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The Hermitage launches new VIP tour

Staff Reports • Updated Aug 28, 2016 at 12:00 PM

NASHVILLE – Andrew Jackson’s Hermitage launched a brand-new VIP tour to give visitors an exclusive, behind-the-scenes look at the home of the seventh president. 

The VIP tour, launched Tuesday, is a way for American history fans to experience one of the top-rated and most authentically preserved presidential homes in the country.

Led by an experienced guide, the VIP tour allows groups of up to 12 guests to explore the Hermitage with special access to parts of the mansion not included in the general’s tour. During the tour, VIP guests are given more in-depth information about the history of objects, what took place in the rooms and the decorative arts and their preservation. In addition to all general admission ticket amenities, the VIP tour includes a 90-minute guided tour of the Hermitage mansion and grounds, including visits to Jackson’s tomb and Rachel’s garden, exclusive VIP access to the mansion balcony for breathtaking views of the grounds and self-guided tour of the award-winning “Andrew Jackson: Born for a Storm” exhibit.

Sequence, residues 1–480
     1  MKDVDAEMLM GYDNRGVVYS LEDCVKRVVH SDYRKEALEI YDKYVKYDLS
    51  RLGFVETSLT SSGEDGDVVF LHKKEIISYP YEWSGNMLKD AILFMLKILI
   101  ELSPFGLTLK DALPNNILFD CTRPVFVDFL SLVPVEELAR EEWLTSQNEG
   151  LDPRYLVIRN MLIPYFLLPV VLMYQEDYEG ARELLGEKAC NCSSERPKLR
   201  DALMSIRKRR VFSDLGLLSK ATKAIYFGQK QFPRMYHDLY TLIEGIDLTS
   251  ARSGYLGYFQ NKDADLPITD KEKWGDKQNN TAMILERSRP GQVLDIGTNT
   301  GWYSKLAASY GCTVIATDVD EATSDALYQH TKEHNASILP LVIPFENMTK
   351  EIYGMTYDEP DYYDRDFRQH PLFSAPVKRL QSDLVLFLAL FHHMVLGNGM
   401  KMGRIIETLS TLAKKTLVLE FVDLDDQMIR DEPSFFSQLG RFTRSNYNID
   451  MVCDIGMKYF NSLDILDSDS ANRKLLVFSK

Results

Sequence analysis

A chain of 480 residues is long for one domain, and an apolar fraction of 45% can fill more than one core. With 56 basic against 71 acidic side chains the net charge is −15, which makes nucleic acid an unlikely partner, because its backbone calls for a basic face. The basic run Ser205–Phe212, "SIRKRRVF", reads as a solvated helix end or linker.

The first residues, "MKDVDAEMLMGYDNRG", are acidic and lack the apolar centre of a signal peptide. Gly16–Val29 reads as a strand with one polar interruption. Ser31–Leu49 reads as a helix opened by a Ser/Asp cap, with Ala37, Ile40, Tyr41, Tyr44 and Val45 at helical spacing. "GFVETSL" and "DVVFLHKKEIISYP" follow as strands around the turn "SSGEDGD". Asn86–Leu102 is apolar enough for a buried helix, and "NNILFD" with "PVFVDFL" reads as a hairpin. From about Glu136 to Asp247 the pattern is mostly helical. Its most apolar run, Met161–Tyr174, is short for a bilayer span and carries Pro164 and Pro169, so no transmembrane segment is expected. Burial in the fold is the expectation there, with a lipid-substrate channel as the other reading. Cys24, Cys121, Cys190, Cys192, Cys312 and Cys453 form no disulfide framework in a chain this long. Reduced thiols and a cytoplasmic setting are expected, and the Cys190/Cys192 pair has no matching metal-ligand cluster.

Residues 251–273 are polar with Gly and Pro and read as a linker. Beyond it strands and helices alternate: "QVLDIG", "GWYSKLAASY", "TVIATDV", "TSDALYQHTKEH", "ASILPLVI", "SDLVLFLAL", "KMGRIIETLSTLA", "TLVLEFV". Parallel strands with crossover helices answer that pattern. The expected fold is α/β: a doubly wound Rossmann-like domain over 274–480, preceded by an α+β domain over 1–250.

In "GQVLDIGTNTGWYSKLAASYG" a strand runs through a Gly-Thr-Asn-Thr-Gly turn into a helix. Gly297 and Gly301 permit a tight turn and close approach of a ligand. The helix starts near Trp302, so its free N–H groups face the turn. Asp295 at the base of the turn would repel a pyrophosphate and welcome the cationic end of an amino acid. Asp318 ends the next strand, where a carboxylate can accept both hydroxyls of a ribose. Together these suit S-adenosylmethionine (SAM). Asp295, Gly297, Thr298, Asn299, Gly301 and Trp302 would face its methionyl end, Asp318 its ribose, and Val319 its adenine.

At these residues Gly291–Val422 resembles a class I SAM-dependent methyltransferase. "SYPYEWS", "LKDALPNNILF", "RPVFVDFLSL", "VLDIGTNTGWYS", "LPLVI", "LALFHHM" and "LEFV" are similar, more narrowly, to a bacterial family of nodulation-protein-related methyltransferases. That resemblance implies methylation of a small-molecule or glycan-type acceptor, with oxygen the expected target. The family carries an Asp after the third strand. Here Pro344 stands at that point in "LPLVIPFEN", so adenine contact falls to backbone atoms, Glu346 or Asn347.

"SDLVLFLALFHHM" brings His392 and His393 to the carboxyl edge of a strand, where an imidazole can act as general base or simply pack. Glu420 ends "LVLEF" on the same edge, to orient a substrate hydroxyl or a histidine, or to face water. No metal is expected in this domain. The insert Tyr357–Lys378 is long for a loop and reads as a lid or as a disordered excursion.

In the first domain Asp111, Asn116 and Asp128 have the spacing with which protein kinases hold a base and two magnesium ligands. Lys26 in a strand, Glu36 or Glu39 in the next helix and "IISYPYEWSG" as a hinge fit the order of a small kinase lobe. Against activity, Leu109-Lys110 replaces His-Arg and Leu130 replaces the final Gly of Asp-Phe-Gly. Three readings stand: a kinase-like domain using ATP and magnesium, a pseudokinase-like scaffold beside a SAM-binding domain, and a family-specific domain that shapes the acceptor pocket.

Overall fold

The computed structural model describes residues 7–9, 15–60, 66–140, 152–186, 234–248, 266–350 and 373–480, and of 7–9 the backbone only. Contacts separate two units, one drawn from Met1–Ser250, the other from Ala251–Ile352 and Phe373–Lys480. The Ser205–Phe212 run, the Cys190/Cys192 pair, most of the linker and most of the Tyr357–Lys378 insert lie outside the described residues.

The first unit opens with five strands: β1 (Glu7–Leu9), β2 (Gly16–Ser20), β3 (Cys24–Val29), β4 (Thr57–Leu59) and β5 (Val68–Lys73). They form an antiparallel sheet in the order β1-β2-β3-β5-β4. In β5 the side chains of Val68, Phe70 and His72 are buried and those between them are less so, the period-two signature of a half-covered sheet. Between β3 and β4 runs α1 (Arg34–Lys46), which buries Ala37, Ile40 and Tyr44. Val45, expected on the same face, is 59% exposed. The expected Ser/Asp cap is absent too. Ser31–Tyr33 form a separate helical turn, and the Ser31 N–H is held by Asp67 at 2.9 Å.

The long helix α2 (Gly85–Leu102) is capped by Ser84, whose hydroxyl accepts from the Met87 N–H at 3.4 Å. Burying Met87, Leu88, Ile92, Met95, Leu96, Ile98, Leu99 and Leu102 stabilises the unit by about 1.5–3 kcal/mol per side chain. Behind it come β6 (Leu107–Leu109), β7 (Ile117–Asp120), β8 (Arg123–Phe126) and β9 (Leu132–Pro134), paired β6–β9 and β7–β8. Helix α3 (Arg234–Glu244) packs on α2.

“The new VIP tour provides a deeper look into Jackson’s life and a better understanding of his legacy in a more personal setting,” said Howard Kittell, president and CEO of the Hermitage. “We are always looking for new and engaging ways to tell Jackson’s story. The VIP tours do this by giving visitors an opportunity to experience the Hermitage as never before.”

VIP tours are scheduled for Tuesday and Friday. Additional dates will be added. Each tour begins at 1 p.m. VIP tour tickets are $50 per person. To see the VIP tour schedule and purchase tickets, visit thehermitage.com.

Andrew Jackson’s Hermitage is one of the largest, most well-preserved and most visited presidential homes in the United States. Opened to the public in 1889, The Hermitage is one of America’s first presidential museums. The Hermitage is a 1,120-acre National Historic Landmark with 27 historic buildings, including Jackson’s mansion and tomb, restored slave cabins, a church and gardens. In recent years, new interpretive initiatives and educational programs such as archaeology and the history of slavery have enhanced the experience of more than 180,000 annual visitors. Last year, the Hermitage launched its newest exhibit, Andrew Jackson: Born for a Storm, which delves into the life of Andrew Jackson, including his military and presidential careers. For more information, visit thehermitage.com.

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